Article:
Picture of President Clark

History

BYU-Idaho has a long history of providing educational opportunities to underserved student populations. In 2009, President Kim B. Clark oversaw the creation of the BYU-Idaho Pathway program. This program was initially designed to address the significant roadblocks holding back many potential students from pursuing higher education such as:

  • High educational costs
  • Lack of academic confidence
  • Inadequate academic preparation
  • Developing English language skills

The Pathway program was created to help students gain both life and professional skills in a context of faith and to prepare them for success at a local university or online through BYU-Idaho.

Key Decisions for the Pathway Program

President Clark later identified several key decisions that proved to be critical for the eventual growth and success of the Pathway program in providing new educational opportunities for many people who lacked them.

Gathering

The original Pathway program combined online learning with a local gathering where students met together to participate in both academic and religious learning experiences. These cohorts of students would teach, support, and help one another in pursuit of their shared educational goals.

CES Partnerships

Pathway partnered with other CES institutions as its source for pre-matriculation academic courses and with Institutes of Religion for its religious education courses.

Low Cost

The program was a low cost for both domestic and international student populations thereby significantly reducing the cost barriers to higher education.

Removing Other Barriers

Understanding that many members of The Church of Jesus Christ of Latter-day Saints wanted an education, administrators worked to remove additional roadblocks to admissions, including:

  • Pathway did not require an ecclesiastical endorsement for admission.

  • BYU-Idaho waived all other academic entrance requirements into their online certificates and degrees for students who achieved a "B" average in the Pathway program.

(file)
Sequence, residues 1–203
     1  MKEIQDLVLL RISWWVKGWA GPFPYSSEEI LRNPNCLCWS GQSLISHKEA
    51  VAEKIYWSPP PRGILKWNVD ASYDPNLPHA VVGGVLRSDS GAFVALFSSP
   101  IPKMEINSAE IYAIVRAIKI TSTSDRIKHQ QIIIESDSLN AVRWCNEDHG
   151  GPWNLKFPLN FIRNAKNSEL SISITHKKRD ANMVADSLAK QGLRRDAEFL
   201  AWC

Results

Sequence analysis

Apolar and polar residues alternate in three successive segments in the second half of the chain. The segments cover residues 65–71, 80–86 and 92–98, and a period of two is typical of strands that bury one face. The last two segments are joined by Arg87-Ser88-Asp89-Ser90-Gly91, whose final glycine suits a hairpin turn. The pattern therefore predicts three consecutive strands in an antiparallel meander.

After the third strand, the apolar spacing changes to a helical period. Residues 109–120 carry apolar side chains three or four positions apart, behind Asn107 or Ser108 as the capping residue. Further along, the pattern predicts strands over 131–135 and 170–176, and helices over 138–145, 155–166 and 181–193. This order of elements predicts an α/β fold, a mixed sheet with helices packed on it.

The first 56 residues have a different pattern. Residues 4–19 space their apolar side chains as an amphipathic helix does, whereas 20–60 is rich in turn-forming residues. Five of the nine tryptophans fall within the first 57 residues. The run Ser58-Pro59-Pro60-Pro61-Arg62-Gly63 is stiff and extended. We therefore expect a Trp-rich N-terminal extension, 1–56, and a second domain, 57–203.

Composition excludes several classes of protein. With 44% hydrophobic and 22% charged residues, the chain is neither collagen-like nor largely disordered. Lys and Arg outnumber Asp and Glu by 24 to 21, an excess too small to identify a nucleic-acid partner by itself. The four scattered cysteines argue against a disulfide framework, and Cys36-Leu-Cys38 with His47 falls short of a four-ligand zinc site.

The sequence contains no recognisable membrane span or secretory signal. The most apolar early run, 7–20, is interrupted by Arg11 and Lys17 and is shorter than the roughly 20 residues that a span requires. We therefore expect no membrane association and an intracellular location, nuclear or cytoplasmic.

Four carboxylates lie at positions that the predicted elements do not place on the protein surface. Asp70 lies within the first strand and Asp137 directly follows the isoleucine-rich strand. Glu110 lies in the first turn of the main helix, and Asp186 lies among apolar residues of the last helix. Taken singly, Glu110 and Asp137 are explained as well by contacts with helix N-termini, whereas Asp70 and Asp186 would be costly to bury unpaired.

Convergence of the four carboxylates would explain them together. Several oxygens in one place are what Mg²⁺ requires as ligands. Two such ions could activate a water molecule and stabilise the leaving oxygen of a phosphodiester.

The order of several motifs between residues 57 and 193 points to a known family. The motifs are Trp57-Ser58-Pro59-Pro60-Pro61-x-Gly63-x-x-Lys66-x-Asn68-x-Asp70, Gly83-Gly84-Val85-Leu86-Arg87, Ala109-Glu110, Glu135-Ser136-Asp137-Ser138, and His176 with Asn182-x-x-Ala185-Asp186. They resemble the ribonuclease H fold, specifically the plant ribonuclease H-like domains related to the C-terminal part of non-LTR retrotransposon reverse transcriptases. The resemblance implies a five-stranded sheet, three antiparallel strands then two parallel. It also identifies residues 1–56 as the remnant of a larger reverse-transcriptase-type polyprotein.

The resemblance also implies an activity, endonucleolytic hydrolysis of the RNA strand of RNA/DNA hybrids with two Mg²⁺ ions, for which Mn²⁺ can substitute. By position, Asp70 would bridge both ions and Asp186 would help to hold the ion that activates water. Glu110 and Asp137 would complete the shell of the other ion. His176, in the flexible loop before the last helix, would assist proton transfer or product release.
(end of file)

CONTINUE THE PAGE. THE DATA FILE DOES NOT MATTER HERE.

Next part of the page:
This allowed students with poor high school performance or a low ACT score to apply to Pathway as a bridge to college.

Three Primary Purposes of the Pathway Program

As the original Pathway program began, three primary purposes were identified which tied into BYU-Idaho’s mission of developing disciples of Jesus Christ who are leaders in their homes, the Church, and their communities. The Pathway program was designed to:

  1. Help students get the gospel down into their hearts
  2. Help them become capable learners, and
  3. Prepare them to lead and support families.

How Pathway Has Grown

With some refinements over time, the Pathway program began to blossom and grow. New sites were opened each year and the number of domestic and international students interested in participating in Pathway grew continuously.

By 2017, more than 38,000 students were enrolled in the Pathway program or in one of BYU-Idaho’s online certificates or degrees. It is estimated that nearly 73,000 students were served from 2009 to 2017.

Each year a growing number of students enrolled in BYU-Idaho’s online courses, earned associate or bachelor’s degrees, and improved their employment opportunities. 

The tremendous success of the Pathway program significantly increased the number of online degree-seeking students at BYU-Idaho. When President Kim B. Clark accepted a new assignment to serve as the Commissioner of the Church Education System and Clark G. Gilbert was named his successor as President of BYU-Idaho, it became clear that significant efforts needed to be undertaken to meet the rapidly rising number of online degree-seeking students coming through the Pathway program.

Additionally, university administrators and the Church Board of Education were keenly aware that the needs of BYU-Idaho’s online students differed significantly from the needs of most of BYU-Idaho’s campus population. A new structure and organization were needed to better serve the growing number of online students and the many being underserved by traditional academic institutions.